Publication: Monitor Volume: 3 Issue: 23

Each week seems to bring announcements of new Russian arms sales abroad. On January 31 the director of the state-owned arms export company Rosvooruzhenie, Mikhail Timkin, said that so far this year his company had signed contracts for arms deals worth Òa little less than $10 billion." A few days before that, a military source had put the figure at $7 billion. (See Monitor, January 29) Timkin said that matching or beating the U.S. in arms sales in 1998 was his goal.

This competition is bound to create tensions between the two countries, as Russia moves to supplant the U.S. in some of Washington’s traditional markets while, at the same time, continuing to supply arms to countries considered pariahs in the West. As an example of the latter, Timkin said that Russia had contracted to supply Iran with some $1 billion in arms by 1999. He also suggested that Russia might sell additional arms to Iran after than date, despite having pledged to the U.S. not to do so. ÒPriorities are changing,Ó Timkin said. ÒLetÕs not rush and discuss what will happen in 1999 during 1997.Ó Timkin said that Russia did not see Iran as a military threat, a sentiment borne out by the fact that retired gen. Lev Rokhlin — chairman of the State DumaÕs Defense Committee — began a four-day official visit to Iran on January 31. (Itar-Tass, February 1)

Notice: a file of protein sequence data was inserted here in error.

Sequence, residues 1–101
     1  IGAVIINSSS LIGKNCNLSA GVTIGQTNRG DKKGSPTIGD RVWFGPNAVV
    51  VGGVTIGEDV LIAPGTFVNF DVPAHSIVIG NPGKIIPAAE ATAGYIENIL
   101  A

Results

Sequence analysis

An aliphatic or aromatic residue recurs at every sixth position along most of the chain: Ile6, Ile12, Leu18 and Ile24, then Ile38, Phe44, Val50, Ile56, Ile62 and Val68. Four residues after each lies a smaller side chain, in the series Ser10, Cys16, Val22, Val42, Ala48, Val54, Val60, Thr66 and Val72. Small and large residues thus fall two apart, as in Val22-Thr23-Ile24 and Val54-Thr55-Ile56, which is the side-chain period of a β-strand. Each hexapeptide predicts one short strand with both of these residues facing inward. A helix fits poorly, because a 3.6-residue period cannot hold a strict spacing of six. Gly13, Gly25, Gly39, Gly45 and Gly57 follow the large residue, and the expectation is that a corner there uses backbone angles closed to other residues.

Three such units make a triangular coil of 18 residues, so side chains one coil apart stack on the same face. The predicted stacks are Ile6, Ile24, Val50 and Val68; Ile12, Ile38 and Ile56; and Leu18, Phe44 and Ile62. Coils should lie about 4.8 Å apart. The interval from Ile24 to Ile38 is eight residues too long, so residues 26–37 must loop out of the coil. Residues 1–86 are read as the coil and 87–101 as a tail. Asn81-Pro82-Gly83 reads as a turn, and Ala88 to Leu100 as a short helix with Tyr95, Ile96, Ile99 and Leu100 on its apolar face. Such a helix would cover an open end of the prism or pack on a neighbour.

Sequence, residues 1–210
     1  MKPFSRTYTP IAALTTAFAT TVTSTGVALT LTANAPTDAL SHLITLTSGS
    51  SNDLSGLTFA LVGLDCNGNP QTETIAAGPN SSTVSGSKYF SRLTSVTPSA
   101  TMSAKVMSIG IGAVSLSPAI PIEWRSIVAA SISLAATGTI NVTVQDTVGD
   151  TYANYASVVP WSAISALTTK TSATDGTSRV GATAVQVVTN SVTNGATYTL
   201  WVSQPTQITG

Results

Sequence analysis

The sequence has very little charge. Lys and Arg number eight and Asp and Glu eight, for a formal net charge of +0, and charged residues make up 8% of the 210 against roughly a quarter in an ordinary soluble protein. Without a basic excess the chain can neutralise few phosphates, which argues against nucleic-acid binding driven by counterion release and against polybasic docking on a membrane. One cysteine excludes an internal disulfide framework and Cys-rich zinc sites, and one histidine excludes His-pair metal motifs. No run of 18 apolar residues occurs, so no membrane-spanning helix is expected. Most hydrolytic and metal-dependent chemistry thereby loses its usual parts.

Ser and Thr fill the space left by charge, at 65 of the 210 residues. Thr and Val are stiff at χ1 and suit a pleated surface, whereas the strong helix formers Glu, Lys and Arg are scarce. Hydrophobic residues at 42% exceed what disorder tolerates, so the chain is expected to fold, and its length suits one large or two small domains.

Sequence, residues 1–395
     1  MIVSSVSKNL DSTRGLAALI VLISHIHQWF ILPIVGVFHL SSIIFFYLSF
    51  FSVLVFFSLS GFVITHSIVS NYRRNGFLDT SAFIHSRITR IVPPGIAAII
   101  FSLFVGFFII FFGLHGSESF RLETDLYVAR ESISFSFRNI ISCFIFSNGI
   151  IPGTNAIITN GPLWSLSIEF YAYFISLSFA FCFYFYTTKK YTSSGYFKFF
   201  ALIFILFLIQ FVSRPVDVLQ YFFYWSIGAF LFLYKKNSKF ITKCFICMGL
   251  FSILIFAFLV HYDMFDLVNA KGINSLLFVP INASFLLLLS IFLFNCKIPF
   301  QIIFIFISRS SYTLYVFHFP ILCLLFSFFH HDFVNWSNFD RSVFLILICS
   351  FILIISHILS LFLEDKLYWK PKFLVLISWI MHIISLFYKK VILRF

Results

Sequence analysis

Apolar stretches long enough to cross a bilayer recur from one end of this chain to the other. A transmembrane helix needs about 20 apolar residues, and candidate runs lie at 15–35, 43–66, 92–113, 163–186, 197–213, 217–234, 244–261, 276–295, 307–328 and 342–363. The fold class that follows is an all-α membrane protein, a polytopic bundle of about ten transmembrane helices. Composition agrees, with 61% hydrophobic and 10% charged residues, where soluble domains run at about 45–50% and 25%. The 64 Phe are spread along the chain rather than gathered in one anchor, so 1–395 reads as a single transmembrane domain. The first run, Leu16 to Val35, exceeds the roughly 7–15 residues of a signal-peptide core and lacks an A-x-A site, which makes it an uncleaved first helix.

Timkin thought that contracts worth more than $2 billion would be signed this year with Arab countries, and predicted that sales to Middle Eastern countries could grow to $18 billion per year by the turn of the century. Again, he mentioned a country on WashingtonÕs arms blacklist. Syria remains ÒRussiaÕs main strategic ally in the Middle EastÓ and will continue to receive Russian arms, Timkin said. He also revealed that Moscow would send a high-level delegation led by Defense Minister Igor Rodionov to an upcoming arms fair in Abu-Dhabi. Weapons on display will include the Ka-50 Black Shark helicopter gunship, T-80U and T-90S tanks, Sukhoi Su-30MK and Su-37 jet fighters, a model of a Kilo-class diesel submarine, and a wide range of artillery and air defense systems, armored vehicles, and small arms. (Interfax, January 31)

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